1. Actually caring about stuff
Ambivalence is passé – just take a look at these beautiful people who recently marched through the streets of Wellington for Queer the Night, a protest against street-violence against queers and a call to end all forms of discrimination against the queer community. If that’s not enough to get your fists raised, have a read of Out of Order: Queer and Trans Youth Resistance! by Sarah Tea-Rex (ed.) This little Canadian gem is probably my favourite queer-themed zine in our collection. As well as being an introduction to queer and trans liberation, it has some really well written interviews and personal stories.
2. Zines as History
We see all different kinds of zines come into the collection, but the type of zines that I enjoy most are the ones that give windows of insight into the author’s personal history – like Ampersand After Ampersand no. 3 by Amanda. This issue of Ampersand is about author’s experience with PCOS (Polycystic Ovary Syndrome.) In most forms of media, our history is created for us and taught to us, and our autonomy to decide what is “historical,” “important” or “newsworthy” is appropriated from us. Every zine we make, every story we tell about ourselves is a political act; our personal and collective experiences exist outside ourselves in forms that are more difficult to erase or silence.
3. Wintry Adventures
Swaddle yourself in scarves and fight the urge to hibernate. Fill a thermos with plunger coffee and find a good hill for mud-sliding. Read the most recent issue of I am Camera (in Dunedin), in which our favourite Aussie zinester Vanessa Berry stomps around Dunedin in hopes of finding the last ghosts of the Flying Nun era. While the success of her quest is limited, in Dunedin is an ode to treasure-hunting and cold-weather travelling – definitely a hot pastime for the cool months.
Miscellaneous goings-up: crock pots, spooning, ginger crunch
Will never make this list: Flannel sheets, sorry.
“I want to stand as close to the edge as I can without going over. Out on the edge you see all kinds of things you can’t see from the center.” – Kurt Vonnegut Jr.
So begins Permanent Vacation, the latest project from Kerry Ann Lee and a whole swag of other Wellington zine scene veterans. I’ve had this zine sitting on my desk for a couple of weeks now, and it’s quickly become my favourite new zine to flick through over my mid-afternoon coffee and chocolate shortbread from Nikau cafe.
Permanent Vacation is like a coffee table book in zine form – big and shiny, full of both style and substance – the kind of treat you want to keep on hand to curl up with at whim. With beautiful photos from exciting places like Tokyo and Upper Hutt, travel writing from Milford Sound, art inspired by the TradeMe discussion forums, musings on punk music and vernacular architecture – Permanent Vacation will transport you to a pretty place from your office desk or armchair.
I went to my first Richter City roller derby bout last year and it was amazing! So you can imagine my excitment when I spied a roller derby zine to add to our collection.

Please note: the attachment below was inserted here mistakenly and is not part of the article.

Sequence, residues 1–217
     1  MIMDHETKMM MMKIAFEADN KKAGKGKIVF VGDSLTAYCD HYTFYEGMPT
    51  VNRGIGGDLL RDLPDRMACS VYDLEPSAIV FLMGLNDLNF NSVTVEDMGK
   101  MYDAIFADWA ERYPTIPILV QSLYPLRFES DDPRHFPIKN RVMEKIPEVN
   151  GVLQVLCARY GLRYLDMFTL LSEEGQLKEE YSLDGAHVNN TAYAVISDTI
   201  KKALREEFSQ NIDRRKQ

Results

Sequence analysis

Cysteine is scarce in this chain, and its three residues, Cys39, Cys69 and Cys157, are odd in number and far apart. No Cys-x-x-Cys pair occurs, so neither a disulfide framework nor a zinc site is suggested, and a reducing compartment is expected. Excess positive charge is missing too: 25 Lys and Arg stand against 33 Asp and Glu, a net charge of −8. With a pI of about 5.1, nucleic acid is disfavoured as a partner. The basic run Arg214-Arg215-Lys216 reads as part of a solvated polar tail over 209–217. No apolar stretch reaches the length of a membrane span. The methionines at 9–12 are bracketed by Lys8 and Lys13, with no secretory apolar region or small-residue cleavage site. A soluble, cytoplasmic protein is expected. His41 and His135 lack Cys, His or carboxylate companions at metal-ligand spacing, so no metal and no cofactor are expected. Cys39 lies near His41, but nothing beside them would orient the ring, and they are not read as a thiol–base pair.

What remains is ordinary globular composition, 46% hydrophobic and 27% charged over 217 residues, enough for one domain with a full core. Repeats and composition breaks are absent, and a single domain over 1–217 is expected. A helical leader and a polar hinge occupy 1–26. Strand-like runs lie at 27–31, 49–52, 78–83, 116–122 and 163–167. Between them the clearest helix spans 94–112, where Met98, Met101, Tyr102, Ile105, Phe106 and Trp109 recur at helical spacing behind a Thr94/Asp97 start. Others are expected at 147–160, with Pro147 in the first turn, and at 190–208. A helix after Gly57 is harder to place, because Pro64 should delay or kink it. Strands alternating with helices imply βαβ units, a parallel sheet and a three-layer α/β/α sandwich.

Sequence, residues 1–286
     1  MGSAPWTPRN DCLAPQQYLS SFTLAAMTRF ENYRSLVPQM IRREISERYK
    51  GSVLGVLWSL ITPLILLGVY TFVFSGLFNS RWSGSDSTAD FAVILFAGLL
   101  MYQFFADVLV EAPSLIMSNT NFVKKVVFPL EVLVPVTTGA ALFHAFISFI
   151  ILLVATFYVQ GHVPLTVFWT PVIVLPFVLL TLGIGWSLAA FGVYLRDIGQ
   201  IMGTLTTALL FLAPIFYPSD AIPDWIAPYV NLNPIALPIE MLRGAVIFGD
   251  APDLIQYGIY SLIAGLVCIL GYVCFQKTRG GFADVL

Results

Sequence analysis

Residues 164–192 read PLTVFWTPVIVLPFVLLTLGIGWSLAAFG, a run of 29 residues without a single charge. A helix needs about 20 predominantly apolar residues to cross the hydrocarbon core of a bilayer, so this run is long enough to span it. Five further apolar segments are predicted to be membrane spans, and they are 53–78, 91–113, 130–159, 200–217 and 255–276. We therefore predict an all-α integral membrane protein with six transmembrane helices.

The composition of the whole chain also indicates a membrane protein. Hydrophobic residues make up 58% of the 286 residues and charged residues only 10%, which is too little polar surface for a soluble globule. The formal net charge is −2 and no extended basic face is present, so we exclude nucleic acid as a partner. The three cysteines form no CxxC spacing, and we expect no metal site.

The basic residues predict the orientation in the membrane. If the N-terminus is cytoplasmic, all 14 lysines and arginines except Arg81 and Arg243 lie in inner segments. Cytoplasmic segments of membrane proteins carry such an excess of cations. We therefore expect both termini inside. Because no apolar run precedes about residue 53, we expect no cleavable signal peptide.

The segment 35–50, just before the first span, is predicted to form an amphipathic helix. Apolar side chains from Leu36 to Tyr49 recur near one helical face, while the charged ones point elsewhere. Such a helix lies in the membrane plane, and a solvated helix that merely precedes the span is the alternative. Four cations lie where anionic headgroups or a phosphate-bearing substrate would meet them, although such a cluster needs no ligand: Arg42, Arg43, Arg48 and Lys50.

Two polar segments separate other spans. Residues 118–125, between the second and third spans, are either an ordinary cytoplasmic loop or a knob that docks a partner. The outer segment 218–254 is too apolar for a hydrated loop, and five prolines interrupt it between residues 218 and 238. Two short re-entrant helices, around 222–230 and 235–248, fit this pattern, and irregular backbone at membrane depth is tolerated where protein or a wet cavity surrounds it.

Rollerama by Helen Nash, Poison Arrow and Sky Rockit is a zine from the UK roller derby scene but it has a global focus with articles about roller derby leagues in the US, Australia and Middle East. It also has a good mix of serious and fun articles, for example a piece on the growing number of skaters dropping their derby names (Helen Wheels, Dee Dee Capitator, Acid Reign) in favour of skating under their real names; roller derby etiquette and how watching The Breakfast Club can improve your game. For sure there is a lot packed into this zine for skater girls but also heaps to interest those of us who are most happy cheering from the sideline.
Issue one of Rollerama is out on the shelves now. Does anyone know of any other cool roller derby zines? Is there a Wellington roller derby zine? ‘cos if there is we would love to get our greedy hands on it!
We wish we could get to Auckland for this! The High Seas, a record/book/zine gallery in Auckland, is currently exhibiting the work of Susan Te Kahurangi King, who we blogged about earlier.
The exhibition runs until the 24th of July, so you’ll need to be quick!
Tavi, the coolest thirteen year old in the entire world ever, has a sweet round-up of the latest and greatest zines right here.
We especially love the idea behind First Kiss, where people (including Tavi!) recount their very first kisses.
Look out for it in the zine collection soon!
The brr has definitely descended on Wellington, but never fear! Your friendly zine library has two adorable solutions!
We now have both of knit blog megastar Ysolda‘s collections of Whimsical Little Knits, chock full of gloves, scarves, hats, and yes, hedgehogs.
Take them out and knit yourself warm again.
Found Magazine was, er, founded one night after Davy Rothbart, Found’s point guard, discovered a note on his windscreen intended for someone else entirely. Inspired by the note’s ‘amazing mixture of anger and hopefulness’, he started up a magazine chock full of found items, notes, photographs and drawings.
The library has six shiny new editions, some of which are replacing the well-thumbed copies we already hold, some we’ve never had.
The first issue contains gems like a hand-written pledge to find David Cross tickets, a stick-figure interpretation of Jesus and a heart-breakingly hopeful short story written on prison stationery. Issue Six has a finder’s spotlights on everyone’s favourite heroes Dan Clowes and Miranda July.
They are incredibly dense wee things, perfect for reading in your tea-break or on the bus. Come down to the WCL and take one home today!